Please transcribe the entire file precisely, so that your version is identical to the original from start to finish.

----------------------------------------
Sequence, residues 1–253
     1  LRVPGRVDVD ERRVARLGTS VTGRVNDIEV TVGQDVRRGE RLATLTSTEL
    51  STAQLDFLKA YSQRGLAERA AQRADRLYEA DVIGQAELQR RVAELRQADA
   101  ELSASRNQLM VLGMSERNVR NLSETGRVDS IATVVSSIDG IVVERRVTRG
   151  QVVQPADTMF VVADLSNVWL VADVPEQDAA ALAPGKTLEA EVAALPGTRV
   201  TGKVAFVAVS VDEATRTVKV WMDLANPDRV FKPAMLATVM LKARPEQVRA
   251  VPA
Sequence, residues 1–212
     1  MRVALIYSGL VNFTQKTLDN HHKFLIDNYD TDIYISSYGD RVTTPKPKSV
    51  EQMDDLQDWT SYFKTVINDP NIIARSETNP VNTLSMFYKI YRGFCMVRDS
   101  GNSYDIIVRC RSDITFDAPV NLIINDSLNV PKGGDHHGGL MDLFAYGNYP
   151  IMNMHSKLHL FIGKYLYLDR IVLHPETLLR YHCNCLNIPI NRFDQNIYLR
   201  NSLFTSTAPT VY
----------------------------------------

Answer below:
Sequence, residues 1–253
     1  LRVPGRVDVD ERRVARLGTS VTGRVNDIEV TVGQDVRRGE RLATLTSTEL
    51  STAQLDFLKA YSQRGLAERA AQRADRLYEA DVIGQAELQR RVAELRQADA
   101  ELSASRNQLM VLGMSERNVR NLSETGRVDS IATVVSSIDG IVVERRVTRG
   151  QVVQPADTMF VVADLSNVWL VADVPEQDAA ALAPGKTLEA EVAALPGTRV
   201  TGKVAFVAVS VDEATRTVKV WMDLANPDRV FKPAMLATVM LKARPEQVRA
   251  VPA
Sequence, residues 1–212
     1  MRVALIYSGL VNFTQKTLDN HHKFLIDNYD TDIYISSYGD RVTTPKPKSV
    51  EQMDDLQDWT SYFKTVINDP NIIARSETNP VNTLSMFYKI YRGFCMVRDS
   101  GNSYDIIVRC RSDITFDAPV NLIINDSLNV PKGGDHHGGL MDLFAYGNYP
   151  IMNMHSKLHL FIGKYLYLDR IVLHPETLLR YHCNCLNIPI NRFDQNIYLR
   201  NSLFTSTAPT VY